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The 20th Annual PRC Juried Exhibition is an exclamation point to several anniversaries for the Boston institution and they have done themselves proud in this latest iteration of their national competition for emerging photographers. For starters, to honor their collective milestones, the Photographic Resource Center enlisted a chorus of five past curators and directors of exhibitions to select the 13 exhibiting artists from 246 international entries. Kudos to Anita Douthat, John P. Jacob, Leslie K. Brown, George Slade and Francine Weiss (in order of their PRC tenures)!
On display through June 26, 2016, each artist is exhibiting several works, creating not only a deeper sense of each one’s aesthetic, but allowing a discernible conversation between the pieces. On the surface, a range of themes and topics are presented, but I thought almost all of the 13 artists addressed one main idea – identity. Not surprisingly, this took 13 different forms, from the intensely personal to the metaphysical, and it provided an intriguing picture of the direction of contemporary photography.
There are an abundance of portraits, both with and without actual subjects in the frame, and it is fascinating to see how each artist uses either their absence or presence to evoke powerful emotions. There is melodrama: Lissa Rivera plays both vividly and tenderly with gender exploration, using her partner as muse, in her series “Beautiful Boy” while Toni Pepe’s series “The Second Moment” references the drama of mythical and Mannerist paintings in her theatrical self-portraits contrasting myths and fantasies of the mother-infant relationship with Pepe’s personal experience. Stylistically understated in comparison, the arresting realism of Michael Joseph’s series “Lost and Found” is stirring in its revelations of vulnerability beneath the toughness displayed by young vagabonds in his intimate B&W portraits.
Tsar Fedorsky’s series “The Light Under The Door” addresses psychological fears and exploration, symbolized by her nuanced use of dark and light, in ethereal B&W photographs linking her real and imaginary worlds, while Leah Cooper’s “Projections and Resemblances” literally layer projections of old family slides onto current personal spaces to create images that revive her history, including a video projection in which she tentatively superimposes photographs of her parents’ and grandparents’ faces onto her own (feature image).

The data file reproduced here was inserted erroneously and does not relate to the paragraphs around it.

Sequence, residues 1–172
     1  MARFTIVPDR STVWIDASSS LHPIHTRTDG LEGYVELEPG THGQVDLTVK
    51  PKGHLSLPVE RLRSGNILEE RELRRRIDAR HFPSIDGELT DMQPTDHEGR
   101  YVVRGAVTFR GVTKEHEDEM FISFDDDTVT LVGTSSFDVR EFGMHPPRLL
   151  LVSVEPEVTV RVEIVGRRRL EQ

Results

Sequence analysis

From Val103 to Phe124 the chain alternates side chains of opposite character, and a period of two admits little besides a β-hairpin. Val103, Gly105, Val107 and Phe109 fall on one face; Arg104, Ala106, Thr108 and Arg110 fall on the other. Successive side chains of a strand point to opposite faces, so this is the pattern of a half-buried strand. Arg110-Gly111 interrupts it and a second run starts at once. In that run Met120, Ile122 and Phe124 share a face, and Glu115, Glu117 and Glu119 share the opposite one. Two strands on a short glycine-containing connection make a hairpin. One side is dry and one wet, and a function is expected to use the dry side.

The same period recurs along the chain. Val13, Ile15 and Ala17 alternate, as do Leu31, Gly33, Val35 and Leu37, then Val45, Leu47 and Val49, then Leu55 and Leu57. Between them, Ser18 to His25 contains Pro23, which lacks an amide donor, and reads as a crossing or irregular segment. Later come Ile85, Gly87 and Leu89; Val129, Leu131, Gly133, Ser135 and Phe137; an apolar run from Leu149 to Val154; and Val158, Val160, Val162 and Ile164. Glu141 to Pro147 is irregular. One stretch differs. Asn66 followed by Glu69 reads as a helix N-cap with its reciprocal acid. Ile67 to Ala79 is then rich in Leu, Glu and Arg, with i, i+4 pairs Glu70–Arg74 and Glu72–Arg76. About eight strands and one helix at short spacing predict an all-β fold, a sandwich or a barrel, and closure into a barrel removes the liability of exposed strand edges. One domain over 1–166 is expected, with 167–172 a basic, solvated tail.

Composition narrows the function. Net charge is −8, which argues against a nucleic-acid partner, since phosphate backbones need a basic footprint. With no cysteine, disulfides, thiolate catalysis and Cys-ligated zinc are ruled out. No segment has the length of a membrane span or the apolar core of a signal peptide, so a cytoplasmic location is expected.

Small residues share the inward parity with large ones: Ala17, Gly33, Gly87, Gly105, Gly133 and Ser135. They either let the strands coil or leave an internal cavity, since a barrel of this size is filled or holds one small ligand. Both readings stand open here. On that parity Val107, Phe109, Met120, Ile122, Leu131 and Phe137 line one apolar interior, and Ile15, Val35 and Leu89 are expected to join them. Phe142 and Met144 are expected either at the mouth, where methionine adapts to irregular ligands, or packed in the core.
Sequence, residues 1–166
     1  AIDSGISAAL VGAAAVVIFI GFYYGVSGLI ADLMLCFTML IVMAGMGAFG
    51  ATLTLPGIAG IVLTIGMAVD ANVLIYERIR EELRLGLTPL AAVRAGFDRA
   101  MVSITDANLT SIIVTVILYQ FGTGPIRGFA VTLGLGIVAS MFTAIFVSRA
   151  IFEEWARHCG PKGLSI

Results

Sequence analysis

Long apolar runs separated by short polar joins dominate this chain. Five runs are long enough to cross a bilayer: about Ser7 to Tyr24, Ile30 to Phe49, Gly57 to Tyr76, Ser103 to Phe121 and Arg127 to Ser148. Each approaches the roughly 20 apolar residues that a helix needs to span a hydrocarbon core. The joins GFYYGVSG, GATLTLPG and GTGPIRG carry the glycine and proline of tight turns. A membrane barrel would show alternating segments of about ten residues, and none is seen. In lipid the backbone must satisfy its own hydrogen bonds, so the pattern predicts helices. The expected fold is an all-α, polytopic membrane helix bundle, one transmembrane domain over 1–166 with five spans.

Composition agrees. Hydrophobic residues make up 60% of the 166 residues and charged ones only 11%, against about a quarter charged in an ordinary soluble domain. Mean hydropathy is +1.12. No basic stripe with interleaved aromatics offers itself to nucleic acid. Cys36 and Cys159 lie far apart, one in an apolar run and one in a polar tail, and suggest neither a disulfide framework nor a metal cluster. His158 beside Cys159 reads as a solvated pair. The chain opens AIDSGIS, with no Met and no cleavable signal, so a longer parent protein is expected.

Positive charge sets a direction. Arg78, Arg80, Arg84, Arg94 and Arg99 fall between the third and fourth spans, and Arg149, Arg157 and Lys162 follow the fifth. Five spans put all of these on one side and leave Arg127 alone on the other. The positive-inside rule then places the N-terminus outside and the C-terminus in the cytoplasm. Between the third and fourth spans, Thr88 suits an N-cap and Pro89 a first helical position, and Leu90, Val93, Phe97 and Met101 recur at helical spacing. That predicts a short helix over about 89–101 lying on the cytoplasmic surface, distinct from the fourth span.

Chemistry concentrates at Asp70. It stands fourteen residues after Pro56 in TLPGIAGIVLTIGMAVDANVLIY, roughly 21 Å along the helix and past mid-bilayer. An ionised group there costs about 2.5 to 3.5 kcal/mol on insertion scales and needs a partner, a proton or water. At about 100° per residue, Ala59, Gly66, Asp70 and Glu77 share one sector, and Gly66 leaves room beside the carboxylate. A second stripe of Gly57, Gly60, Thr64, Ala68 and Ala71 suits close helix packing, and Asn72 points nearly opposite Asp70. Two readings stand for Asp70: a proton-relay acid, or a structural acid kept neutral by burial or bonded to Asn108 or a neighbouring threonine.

The search for identity through an historical framework is the approach of both Astrid Reischwitz in her series “Stories from the Kitchen Table” and Larry Volk in his series “The 4 Questions”. Reischwitz inventively knits together archival and current images like a patchwork quilt from her ancestral German farmhouse, while Volk joins four impressionistic images infused with color and texture to evoke the mystery of his mother’s shrouded Jewish childhood (accompanied by a video presentation).
References to absent individuals are equally biographical. Terri Warpinski’s series “Death(s)trip” recalls the fatal shootings of escapees from the former East Germany in her haunting color landscapes of those eerily unscarred locations today. Sarah Malakoff’s series “Interior Portraits” uses formally composed color interiors to infer the character of its missing inhabitants via the evocative artwork they choose to adorn their walls. In his series “Blinds”, Jonathan Sharlin implies the complexities of a hunter’s mindset – at once predatory and meditative – in B&W photographs that contrast the blinds they build for stalking with the surrounding overgrowth of the natural environment.
Physical nature is utilized in symbolic imagery by three artists to address questions of existence and mortality. “Nothing is permanent”, declares John Steck, Jr. in his series “Lament”, in which he leaves his photographs of cherished people and things sensitive to light, so that they fade and disappear over time, like memories. In her series “Listening to the Bees”, Thea Dodds presents two installations of albumen prints of honey bees (created using eggs from her NH farm), in a mosaic reminiscent of a honeycomb or cut and folded into origami flowers, illustrating the life cycle and delicate inter-dependence of this threatened species in the natural world. In “Cosmos”, a metaphysical consideration of life’s unforeseeable forces, Marcus DeSieno applies microscopic bacteria to photographic film of appropriated images of outer space. The bacterial growth alters the film and its layers in an unpredictable abstraction of color and texture, questioning not only the basic archival tenets of photography, but our human ability to control and preserve our surroundings, whether microscopic or cosmic. De Sieno’s swirling color images are visually and philosophically far out.
EXPOSURE 2016 is a surprisingly cohesive exhibit, undoubtedly owing to its mellifluous curation and the excellent installation by Leslie K. Brown and Bruce Myren. But above all, I think the enriching interconnections of this exhibit reflect an abiding interest in identity that is absorbing contemporary photographers. Small wonder, considering the chaos in which we live today. This multi-faceted, fervent desire to gain bearings is the penetrating clarion call from thirteen imaginative photographers to the world, on view through June 26, 2016.
For hours, directions and more information about this exhibit, go to: http://www.bu.edu/prc/exposure/juriedexhibition.htm
EXPOSURE 2016 is a part of Flash Forward Festival Boston. For more information about the artists and curators who contributed to this exhibit, go to their website: http://www.flashforwardfestival.com/exhibition/exposure-2016/
Feature Image: Installation video still from the series “Projections and Resemblances” by Leah Cooper (courtesy of the artist).